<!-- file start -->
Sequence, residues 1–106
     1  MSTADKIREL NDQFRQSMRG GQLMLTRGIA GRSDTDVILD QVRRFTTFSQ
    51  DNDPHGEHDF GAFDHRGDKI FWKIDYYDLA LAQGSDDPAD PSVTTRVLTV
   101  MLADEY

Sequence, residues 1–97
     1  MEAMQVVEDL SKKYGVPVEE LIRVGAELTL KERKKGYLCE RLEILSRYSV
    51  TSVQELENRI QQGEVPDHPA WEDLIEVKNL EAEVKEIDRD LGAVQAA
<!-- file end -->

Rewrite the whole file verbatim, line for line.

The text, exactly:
Sequence, residues 1–106
     1  MSTADKIREL NDQFRQSMRG GQLMLTRGIA GRSDTDVILD QVRRFTTFSQ
    51  DNDPHGEHDF GAFDHRGDKI FWKIDYYDLA LAQGSDDPAD PSVTTRVLTV
   101  MLADEY

Sequence, residues 1–97
     1  MEAMQVVEDL SKKYGVPVEE LIRVGAELTL KERKKGYLCE RLEILSRYSV
    51  TSVQELENRI QQGEVPDHPA WEDLIEVKNL EAEVKEIDRD LGAVQAA